I can’t say I’m a convert yet, but I have to admit—Reading on my iPad is pretty damn convenient. Two weeks ago, I finished my second full book on the electronic device, Edith Wharton’s House of Mirth, and I’m not going to pretend like I didn’t love the (a) backlighting (no more flimsy book light when reading in bed, which so happens to be the only time and place I get to read anymore), and (b) being able to look up historical references and foreign words instantly with a tap of the finger. No, it’s definitely not the same as the feel of a real book, but now that I’m back into reading a real book (currently trying to finish Crime and Punishment—almost there Melanie!), I’m missing the quick ability to research and engage with the text so easily.
One word that I researched, on page 69 of 768 with 19 pages left to go in the chapter (yes, this is the footnote on the bottom of the screen), described the meal Lily was eating the day after the cloud had broken the year after her “dazzling debut fringed by a thunder-cloud of bills” (you have to love Wharton’s thick descriptions. ) Lily remembers this “day on which the blow fell. She had been seated at the luncheon-table over chaufroix and cold salmon of the previous night’s dinner.”
I gently tapped the word chaufroix to get my definition, and unfortunately no results. However, my dear iPad asked me if I wanted to “search web” or “search Wikipedia”. Well…of course! After one more click I had my answer. Some say that the word comes from the combination of two French words for “hot” and “cold”; most agree that it is a dish served cold; some argue that it is the original leftovers while others say just because it’s prepared in advance doesn’t mean it was meant to be thought of as leftovers. Yet, another explanation says the dish takes its name from the old French name for the spice lavender. So, I still had no real answer, but in a matter of minutes, look at what I learned!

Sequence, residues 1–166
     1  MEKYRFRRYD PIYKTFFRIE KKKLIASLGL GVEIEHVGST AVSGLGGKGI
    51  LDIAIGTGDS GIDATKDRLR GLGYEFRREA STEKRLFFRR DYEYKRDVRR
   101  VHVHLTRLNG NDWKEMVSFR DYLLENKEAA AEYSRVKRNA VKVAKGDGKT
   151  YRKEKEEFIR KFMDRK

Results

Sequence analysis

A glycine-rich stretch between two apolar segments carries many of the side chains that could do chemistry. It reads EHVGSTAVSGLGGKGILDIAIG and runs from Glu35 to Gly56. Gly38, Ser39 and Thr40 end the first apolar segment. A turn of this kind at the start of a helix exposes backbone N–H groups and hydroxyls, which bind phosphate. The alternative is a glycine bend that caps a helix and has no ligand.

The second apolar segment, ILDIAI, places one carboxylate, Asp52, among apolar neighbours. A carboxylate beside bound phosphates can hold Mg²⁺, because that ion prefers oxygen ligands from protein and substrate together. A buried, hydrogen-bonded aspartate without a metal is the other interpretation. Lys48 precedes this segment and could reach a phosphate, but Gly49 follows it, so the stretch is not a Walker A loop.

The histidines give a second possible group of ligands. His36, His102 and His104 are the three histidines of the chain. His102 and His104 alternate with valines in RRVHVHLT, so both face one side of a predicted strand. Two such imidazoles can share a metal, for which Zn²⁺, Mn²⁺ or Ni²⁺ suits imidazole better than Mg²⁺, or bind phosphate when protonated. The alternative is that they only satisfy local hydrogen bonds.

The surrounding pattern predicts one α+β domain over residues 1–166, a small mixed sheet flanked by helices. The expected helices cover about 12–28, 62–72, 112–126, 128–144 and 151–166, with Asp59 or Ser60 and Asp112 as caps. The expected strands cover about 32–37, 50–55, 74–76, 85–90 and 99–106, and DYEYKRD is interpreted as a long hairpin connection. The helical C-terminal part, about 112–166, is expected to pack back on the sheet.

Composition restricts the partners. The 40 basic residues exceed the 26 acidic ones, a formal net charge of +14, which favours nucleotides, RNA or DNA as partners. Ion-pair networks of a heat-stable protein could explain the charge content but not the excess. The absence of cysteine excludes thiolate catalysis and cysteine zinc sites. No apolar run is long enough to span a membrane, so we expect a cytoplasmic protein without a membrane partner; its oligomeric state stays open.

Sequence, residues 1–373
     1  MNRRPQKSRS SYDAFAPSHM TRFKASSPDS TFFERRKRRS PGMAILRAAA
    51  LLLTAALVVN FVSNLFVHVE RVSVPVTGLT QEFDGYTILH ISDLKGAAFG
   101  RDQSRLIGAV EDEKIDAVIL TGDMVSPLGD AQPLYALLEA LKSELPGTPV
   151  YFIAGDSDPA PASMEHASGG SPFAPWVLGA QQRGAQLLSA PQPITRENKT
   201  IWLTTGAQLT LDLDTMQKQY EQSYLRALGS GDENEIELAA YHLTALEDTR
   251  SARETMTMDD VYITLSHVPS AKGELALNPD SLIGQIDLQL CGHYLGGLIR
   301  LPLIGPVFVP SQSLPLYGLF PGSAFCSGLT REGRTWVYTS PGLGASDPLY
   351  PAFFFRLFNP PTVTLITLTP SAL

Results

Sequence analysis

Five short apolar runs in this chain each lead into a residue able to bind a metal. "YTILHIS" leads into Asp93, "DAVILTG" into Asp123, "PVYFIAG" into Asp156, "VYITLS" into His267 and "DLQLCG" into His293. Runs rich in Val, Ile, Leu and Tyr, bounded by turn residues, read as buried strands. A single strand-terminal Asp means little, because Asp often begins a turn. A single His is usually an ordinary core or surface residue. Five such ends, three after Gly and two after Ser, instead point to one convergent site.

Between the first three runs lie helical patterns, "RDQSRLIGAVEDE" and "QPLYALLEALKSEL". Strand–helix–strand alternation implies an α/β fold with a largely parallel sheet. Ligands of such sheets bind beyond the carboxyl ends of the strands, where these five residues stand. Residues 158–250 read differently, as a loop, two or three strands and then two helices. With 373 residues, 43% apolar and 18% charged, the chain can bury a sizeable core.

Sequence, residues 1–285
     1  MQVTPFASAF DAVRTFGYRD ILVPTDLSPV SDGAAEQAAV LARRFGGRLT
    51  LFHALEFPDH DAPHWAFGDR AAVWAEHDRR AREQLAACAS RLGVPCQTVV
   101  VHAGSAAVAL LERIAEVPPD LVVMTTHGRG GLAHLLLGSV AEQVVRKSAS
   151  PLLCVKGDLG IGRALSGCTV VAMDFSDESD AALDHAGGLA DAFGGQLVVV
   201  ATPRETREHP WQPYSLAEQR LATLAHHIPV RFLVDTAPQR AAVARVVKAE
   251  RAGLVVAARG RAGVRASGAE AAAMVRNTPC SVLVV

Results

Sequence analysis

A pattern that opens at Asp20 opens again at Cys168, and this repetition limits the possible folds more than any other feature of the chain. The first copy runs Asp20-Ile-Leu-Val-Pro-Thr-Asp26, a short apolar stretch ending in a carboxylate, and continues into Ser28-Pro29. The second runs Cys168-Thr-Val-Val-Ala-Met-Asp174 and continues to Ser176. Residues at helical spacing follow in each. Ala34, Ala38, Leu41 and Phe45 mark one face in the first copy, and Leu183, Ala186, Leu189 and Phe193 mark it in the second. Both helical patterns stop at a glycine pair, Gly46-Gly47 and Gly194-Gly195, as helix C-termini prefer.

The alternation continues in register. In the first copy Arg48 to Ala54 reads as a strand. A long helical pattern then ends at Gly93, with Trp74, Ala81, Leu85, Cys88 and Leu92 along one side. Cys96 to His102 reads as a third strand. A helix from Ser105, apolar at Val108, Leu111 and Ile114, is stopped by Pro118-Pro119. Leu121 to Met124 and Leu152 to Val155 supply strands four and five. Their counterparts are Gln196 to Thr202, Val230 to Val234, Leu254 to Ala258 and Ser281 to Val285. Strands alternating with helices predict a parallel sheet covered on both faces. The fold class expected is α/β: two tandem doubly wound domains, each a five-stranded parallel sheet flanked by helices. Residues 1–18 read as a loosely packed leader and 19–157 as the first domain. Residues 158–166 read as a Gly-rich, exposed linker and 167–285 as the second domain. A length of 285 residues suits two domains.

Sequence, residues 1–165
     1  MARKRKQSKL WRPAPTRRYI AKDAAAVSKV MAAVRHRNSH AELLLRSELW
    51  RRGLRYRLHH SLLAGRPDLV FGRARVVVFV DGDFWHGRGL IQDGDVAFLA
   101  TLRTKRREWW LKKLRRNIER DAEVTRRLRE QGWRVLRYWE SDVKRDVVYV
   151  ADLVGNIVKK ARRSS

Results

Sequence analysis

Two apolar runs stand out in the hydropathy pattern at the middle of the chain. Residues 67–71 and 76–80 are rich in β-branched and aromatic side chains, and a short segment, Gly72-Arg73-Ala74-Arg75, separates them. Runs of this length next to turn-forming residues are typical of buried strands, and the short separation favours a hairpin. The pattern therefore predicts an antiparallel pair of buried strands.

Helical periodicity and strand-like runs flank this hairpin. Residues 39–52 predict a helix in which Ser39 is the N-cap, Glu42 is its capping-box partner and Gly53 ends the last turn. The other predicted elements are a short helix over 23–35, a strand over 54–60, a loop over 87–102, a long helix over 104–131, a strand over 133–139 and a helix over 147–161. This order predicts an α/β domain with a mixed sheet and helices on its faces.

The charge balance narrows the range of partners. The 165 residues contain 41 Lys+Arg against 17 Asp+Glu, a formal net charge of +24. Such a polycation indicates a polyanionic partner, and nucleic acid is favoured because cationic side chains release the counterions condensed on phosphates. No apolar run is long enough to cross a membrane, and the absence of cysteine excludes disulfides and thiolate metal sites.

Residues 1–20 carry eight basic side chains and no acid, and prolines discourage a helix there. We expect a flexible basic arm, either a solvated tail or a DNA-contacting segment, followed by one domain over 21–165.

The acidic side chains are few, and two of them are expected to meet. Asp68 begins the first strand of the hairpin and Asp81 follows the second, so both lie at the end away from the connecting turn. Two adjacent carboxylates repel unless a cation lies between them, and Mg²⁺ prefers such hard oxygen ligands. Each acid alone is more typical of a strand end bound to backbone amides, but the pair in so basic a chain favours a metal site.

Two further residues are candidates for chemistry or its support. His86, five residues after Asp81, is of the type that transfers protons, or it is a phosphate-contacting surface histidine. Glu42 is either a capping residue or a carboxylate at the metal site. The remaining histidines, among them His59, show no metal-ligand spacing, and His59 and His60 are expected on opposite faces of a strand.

But back to the poor Lily Bart. Has there ever been a character who has consistently made so many bad choices? Wharton’s rendering of the upper class of New York, “America’s royalty,” presents us with a cast of characters extremely constrained by social conventions; the slightest err can lead to exile. Early in the novel, Lily refers to her rich, but non-high society members of her family as “living like pigs.” She can’t help her world view; she was raised to be an ornament. As I was reading, I also couldn’t help but relate villain Bertha Dorset with Hilly Holbrook from The Help. Though living in different eras, both are society women and both use insidious tactics to thwart the heroines of each novel. While Hilly gets her just desserts (yes, pun intended), our villain Bertha in House of Mirth doesn’t get hers—it’s Lily Bart who literally has to get used to eating cold leftovers.
Below is a favorite way my husband and I dress up leftover salmon or smoked salmon. How can you go wrong when you add bacon?
8-10 oz leftover cooked cold salmon, or pre-packaged smoked salmon
6 strips of bacon
Romaine lettuce leaves
Mayonnaise (you can also mix in a little dill if you like)
- Fry the bacon (I prefer it to be crispy) on medium to high heat.
- Remove the bacon from a pan, blot with paper towel. (you don’t want it dripping with grease).
- Toast the bread.
- Build a sandwich: spread the mayo, layer the tomato, lettuce, bacon and salmon.